[#500Distro] Measuring for Impact: Knowing When, What & How to A/B Test

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A/B Testing

Measuring For Impact: Knowing What, and How to A/B Test@mike_greenfieldCEO/Co-Founder, Laserlike2014-08-07@mike_greenfield

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You know you should A/B test.@mike_greenfield

You also know you should exercise more eat less sugar spend less on coffee wear sunscreen etc., etc.@mike_greenfield

(Dont worry, Im not going to say anything else about sugar or sunscreen.)@mike_greenfield

So, how do you create a culture in which people will constructively A/B test?

Do six things.@mike_greenfield

1. Embrace I dont knowWe have 2+ ideas.

I dont know which one will be more effective.@mike_greenfield

@mike_greenfield

2. Have Data, Choose MetricsTo test, you need:People using your product(Approximate) agreement on the metrics that matter

@mike_greenfield

Not Many Users? Dont A/B test!Laserlike, has ~60 users and has never run an A/B testWe will run many, many tests when we have enough usersA test should have at least a few hundred instances (and a lot more if effect sizes are likely to be small)Test iff you can have business significance@mike_greenfield

Know What You Want to OptimizeIf its important, you should be running tests to improve itIf its not important, spend time on other thingsMost tests should be aimed at improving 1-2 specific variables@mike_greenfield

3. Have Clear Process, Tech for Testing

@mike_greenfield

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A/B Testing ProcessNew feature: if possible, roll out to a small test subset first (10s or 100s of thousands)Version change: always test things that could (cumulatively) have business impactEveryone on the product team should be running and resolving tests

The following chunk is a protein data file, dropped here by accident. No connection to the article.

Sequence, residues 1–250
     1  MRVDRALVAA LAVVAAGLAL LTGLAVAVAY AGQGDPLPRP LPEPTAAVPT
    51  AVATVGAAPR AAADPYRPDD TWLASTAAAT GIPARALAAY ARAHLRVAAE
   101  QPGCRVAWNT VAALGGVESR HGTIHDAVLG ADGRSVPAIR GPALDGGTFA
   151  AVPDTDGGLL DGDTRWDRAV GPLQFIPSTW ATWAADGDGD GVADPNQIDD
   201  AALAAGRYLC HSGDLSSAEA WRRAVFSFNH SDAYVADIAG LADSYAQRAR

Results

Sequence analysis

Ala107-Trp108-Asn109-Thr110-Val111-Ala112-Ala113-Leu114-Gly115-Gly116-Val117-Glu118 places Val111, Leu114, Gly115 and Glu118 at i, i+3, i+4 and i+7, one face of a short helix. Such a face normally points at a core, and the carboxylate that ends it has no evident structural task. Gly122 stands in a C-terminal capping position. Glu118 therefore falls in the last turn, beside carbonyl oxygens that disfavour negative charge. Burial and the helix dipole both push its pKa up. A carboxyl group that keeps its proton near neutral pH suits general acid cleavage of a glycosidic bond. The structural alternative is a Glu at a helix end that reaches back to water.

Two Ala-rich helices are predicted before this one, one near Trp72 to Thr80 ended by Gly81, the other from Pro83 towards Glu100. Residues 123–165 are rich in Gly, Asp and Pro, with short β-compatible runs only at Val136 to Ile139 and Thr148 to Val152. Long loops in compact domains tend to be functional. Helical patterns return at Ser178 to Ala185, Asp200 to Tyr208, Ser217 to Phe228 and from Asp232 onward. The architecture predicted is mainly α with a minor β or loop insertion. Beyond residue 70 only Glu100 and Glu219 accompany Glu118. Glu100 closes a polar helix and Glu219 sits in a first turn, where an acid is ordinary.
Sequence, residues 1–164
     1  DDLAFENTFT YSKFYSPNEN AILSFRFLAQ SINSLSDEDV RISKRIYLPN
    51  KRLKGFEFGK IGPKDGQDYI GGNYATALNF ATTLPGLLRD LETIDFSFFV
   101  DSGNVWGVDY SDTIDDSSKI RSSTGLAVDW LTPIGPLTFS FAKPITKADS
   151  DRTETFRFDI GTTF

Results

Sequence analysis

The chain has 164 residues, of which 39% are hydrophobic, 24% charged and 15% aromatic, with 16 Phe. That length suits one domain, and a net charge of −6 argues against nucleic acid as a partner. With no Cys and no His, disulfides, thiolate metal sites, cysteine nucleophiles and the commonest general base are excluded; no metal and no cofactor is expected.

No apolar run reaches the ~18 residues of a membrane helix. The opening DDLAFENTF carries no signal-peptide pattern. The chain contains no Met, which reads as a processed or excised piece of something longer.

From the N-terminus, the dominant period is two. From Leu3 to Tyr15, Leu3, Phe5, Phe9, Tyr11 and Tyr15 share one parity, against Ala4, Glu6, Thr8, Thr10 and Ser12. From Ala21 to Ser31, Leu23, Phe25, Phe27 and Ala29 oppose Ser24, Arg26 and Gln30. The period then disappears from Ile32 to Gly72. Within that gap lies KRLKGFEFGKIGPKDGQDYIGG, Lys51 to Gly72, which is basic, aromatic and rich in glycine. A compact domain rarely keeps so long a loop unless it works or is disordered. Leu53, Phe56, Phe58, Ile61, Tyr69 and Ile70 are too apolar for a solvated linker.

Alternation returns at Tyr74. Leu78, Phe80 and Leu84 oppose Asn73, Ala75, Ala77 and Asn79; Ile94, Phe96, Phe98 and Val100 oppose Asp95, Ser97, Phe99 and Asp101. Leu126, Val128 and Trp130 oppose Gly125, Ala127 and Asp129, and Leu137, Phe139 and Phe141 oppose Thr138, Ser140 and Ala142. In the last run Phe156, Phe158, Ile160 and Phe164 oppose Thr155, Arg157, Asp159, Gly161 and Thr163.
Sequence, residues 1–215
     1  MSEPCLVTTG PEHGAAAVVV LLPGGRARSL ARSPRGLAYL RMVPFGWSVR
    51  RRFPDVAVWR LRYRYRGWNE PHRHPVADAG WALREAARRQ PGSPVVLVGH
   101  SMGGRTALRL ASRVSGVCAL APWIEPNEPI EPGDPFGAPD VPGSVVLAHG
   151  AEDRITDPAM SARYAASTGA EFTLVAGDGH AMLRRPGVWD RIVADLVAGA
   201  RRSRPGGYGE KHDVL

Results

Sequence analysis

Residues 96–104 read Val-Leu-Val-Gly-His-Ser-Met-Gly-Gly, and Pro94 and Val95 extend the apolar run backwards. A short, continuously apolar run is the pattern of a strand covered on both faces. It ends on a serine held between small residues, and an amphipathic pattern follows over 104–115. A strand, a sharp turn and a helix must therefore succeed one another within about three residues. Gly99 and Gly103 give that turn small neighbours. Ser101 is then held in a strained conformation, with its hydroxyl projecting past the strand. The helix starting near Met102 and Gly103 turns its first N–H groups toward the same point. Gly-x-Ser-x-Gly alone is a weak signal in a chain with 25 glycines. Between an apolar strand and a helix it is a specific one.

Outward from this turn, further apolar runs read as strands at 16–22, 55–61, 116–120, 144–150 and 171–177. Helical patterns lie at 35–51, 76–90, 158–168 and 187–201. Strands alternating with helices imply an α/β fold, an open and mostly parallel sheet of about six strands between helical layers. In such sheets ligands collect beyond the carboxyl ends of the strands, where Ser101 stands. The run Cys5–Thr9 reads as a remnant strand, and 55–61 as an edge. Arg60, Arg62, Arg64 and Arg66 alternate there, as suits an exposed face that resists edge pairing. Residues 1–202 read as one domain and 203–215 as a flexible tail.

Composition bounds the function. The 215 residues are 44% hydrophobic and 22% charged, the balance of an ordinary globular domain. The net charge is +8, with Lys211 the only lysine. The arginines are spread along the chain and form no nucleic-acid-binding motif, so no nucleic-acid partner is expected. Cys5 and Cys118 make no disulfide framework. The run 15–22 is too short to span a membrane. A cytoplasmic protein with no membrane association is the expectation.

@mike_greenfield

A/B Testing TechUsing a third party testing service is akin to building your site on Wordpress: great at some scales/competency levelsNo matter how youre testing, a new test should be at most a few lines of codeIt should be easy to see how each side of a test compares across many variables@mike_greenfield

4. Understand the Math of What to Test

@mike_greenfield

Process: Same vs. New TweakWhats the probability your tweak will have a positive effect?What kind of effect might that have, and how might that effect change the companys prospects?Will you be able to measure the change?Optimize on one variable, but look at others

@mike_greenfield

Process: Same vs. Big ChangeWhats the probability that your change will have a negative impact?How big an impact might there be?Will you be able to measure the change?Holistic approach @mike_greenfield

A/B Test for Quality

Circle of Moms: test warning users when questions seemed short, low qualityResulting questions were graded for quality, without grader knowing test bucketEnd result: warning yielded ~5% fewer questions, but much higher quality@mike_greenfield

5. Understand the Math of Picking Winners

@mike_greenfield

Resolving Too Soon vs. Resolving Too LateHow big is the potential audience for this test?Example 1: end of year most popular baby names email that will never be sent againExample 2: Facebook signup flow@mike_greenfield

Longitudinal Tests vs. Immediate TestsLongitudinal: change home page, email frequency, product framingNeed to examine effect over a long period

Immediate: change button color, email subjectLikely that long-term effects will be minimal@mike_greenfield

Automatically Resolve Tests?Longitudinal tests should not be automatically resolvedExample: new home page design

Immediate tests can be automatically resolved when speed is important and there is one clear objective functionExample: Circle of Moms email subject optimization@mike_greenfield

Choose robust statisticsBad: # of page viewsGood: % of users viewing at least [5, 25, 100] pagesPotentially bad: # of sales (when small)Potentially good: # of people getting through the second step of a sales funnel@mike_greenfield

6. Celebrate A/B Testing Successes@mike_greenfield

@mike_greenfield

Thanks.

mike@laserlike.com@mike_greenfield@mike_greenfield